Daily Exercise May Reduce Tumor Incidence and Growth
We admit it: Running isn’t easy for everyone, but the potential health benefits could be worth the sweat and strain. European research gives us another reason to lace up and hit the pavement, finding running may help to reduce tumor occurrence and growth.
In the 2016 study, published in Cell Metabolism, daily running was able to inhibit tumor onset and progression in laboratory mice. The greatest benefit came when the running regimen before tumor onset—up to 61% reduced tumor growth with four weeks of prior running.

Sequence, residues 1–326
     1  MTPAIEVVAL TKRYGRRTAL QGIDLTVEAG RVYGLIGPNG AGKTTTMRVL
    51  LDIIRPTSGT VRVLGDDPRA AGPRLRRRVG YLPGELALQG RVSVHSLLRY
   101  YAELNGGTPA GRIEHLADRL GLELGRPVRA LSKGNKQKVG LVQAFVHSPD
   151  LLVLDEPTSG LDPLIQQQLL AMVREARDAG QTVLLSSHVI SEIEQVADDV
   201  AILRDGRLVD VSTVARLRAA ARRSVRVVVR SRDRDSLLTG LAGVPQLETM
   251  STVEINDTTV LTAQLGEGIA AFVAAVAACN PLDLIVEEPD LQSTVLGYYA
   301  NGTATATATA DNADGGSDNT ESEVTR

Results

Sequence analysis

Lab work found that exercise, in this case running, increases production of natural killer (NK) cells, components of the immune system that identify and destroy harmful tumor cells. NK cells act early and can act as a “spark” to activate other immune cells to help fight invaders. It’s likely because exercise triggers epinephrine (aka adrenaline), which helps mobilize NK cells.
Running is a convenient and relatively affordable sport, but there are plenty of different ways to fit exercise into your day. Bike, swim, or round up some friends for a game of soccer or volleyball. Most experts recommend at least 150 minutes of exercise a week—that’s just about 21 minutes a day, or just under 11 minutes twice a day. Squeeze in short sessions if you’re pressed for time and start using the stairs and walking on your lunch break. Those minutes add up, and could improve your health.
Published August 1, 2016